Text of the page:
Now that most (or hopefully all) the banks in Australia have now completed their AASB139 implementation projects, perhaps it is time for a look back to see where the major challenges were. Considering that many of our neighbours to the near north are about to go through the same process, some guidance and assistance would be in order. Those needing to look at FAS 133 can also read on – the effects are very much the same.
Perhaps that first, big, one was that fair value did not turn out to
be the bogeyman that had been expected. Yes, it was a pain in the umm…
posterior. Quite a few of the positions held by the banks were difficult
to value – particularly in the more illiquid markets. Overall, however,
this was not the worst area and generally it was handled well. Some of
the spreadsheets did get to a huge size and the auditors got upset over
several issues on valuations, but overall it was not as bad as
The only real pain was in the breaking out of the treatment of the fair value through P&L category from the fair value through equity (Available for Sale) instruments, particularly where hedging was involved. Getting that documentation into order, and dealing with the consequences where it was not, was just plain hard work. It was time consuming, but the causes, targets and effects were clear.
Held to Maturity / Loans and Receivables
This was more difficult. The HTM investments were not too bad – there
are actually not that many out there – and their valuations were
comparatively trivial with the ability to hold them essentially at cost.
The difficult bit was getting a genuine effective interest rate (EIR). Normally, the expected life was a fairly easy calculation. This sort of thing is normally meat and drink to marketing and is basic product information that the product managers should have. That said, it now needs to be checked by Finance and the auditors so the documentation standards around the models suddenly needed to improve.
The real trick was working through all the fees and costs to determine which were directly related and which were not. Once they were identified they had to be broken out and treated separately – creating a need for a calculation engine of some sort to get that as well as extensive work in the general ledger. These sorts of changes are not trivial and the testing effort is quite large. Along with collective impairment (see the next section) this also had the most material impact on the balance sheet. Overall, not fun.
Impairment – Specific
Specific impairment of the bad or doubtful debts in the loan
portfolio was tricky – involving retraining staff in the collections
area to understand the impact of the time value of money. A reasonable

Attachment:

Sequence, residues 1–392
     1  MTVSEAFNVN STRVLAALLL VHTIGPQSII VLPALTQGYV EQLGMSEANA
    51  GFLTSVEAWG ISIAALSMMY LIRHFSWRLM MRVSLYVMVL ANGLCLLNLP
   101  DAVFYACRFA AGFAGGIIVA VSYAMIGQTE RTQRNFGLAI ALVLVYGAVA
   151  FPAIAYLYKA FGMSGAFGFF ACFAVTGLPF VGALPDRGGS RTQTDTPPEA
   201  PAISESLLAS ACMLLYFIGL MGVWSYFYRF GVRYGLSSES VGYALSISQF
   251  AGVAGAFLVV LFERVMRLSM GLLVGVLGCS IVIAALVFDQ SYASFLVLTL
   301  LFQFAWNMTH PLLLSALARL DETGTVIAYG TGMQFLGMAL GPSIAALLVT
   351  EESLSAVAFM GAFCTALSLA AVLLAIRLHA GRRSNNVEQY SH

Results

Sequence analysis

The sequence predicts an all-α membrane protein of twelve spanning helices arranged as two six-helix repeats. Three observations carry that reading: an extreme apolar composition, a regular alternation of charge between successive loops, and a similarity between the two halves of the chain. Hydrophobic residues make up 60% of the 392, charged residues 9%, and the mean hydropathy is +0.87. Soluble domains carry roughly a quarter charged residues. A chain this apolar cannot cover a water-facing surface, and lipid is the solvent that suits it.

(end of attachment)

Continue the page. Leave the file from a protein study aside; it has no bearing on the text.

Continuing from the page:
amount of IT spend also had to happen here to allow for the net present
value (NPV) calculations to be done, but, once the IT changes were put
in and the training completed the actual process did not take too long.
If arranging the project now I would be looking to run this one early in
the process to get comfortable with change management and training
before getting on to some of the chunkier issues.
The element that many got worked up about here was using the EIR to do the NPV calculations, but, once a quick sanity check is done, using the rate marked on the account, shorn of penalties, normally was close enough as made no material change.
Impairment – Collective
I have never seen so much debate over an accounting number as I have
over this one. Much of the debate was political and regulatory related.
For years, APRA (the Australian prudential regulator) have effectively mandated a percentage of risk weighted assets (0.5%) as the number to be used for the old general provision. Under the old standards all auditors accepted this number, provided it could be justified as “conservative”. As banks did not lose more that 0.5% of RWA assets each year it was easy to do so – it was overstated. APRA essentially used the general provision as further capital and, as it counted towards tier 2 capital, the banks simply wore it. This was then included in the numbers published in the US under US GAAP – which the board had to sign off as correct.
The problem was that the number was conservative, not, in most cases, correct. A quick glance at the specific impairment numbers will confirm that. Once the more rigorous methodology mandated under IAS 39 was used it was obvious that the numbers signed off last year were not correct. Writing it up as a transition issue was not going to be acceptable – the difference in many cases was large and obvious. The models producing the numbers had to be altered.
What happened was what you would expect – a fudge. This will have to be unwound over the next few years and will represent an increase in pre-tax profit. It will be managed as improving the accuracy of the models as they mature.
Just in case you interpret this as a slur on the banks or the auditors – it is not. It is just unwinding some cumulative stupidity on the part of the regulators, who effectively forced the banks to lie in their financial statements.
This was always going to be a big issue for the banks. It just did
not create the work in the areas expected. Fair valuation – the big
scary issue – was a comparative pussycat. It was the loans and
receivables, and their impairment, which created the issues. For other
countries about to implement the standards, the only real advice I could
give, apart form the above, is to look to the areas where the
regulators are making you do things you know to be incorrect – or at
least suspect are incorrect – and work out how you manage their
transition to a sane set of standards.
If you have anything to add, or further comments, please let me know.
Hmm – publish in haste and repent at leisure. A few missed points here.
Most of the vehicles used for securitisation by the Australian banks prior to AASB 139 simply did not comply with the criteria for derecognition – and so most came back onto the balance sheets. Not a real problem as they still worked under APRA rules, but this was an area that caused some real headaches until APRA cleared up its guidance.
No Interest loans
While banks generally do not grant these to their customers, what was
discussed in the context of the non-FS firms above is still relevant. I
will therefore just copy it in.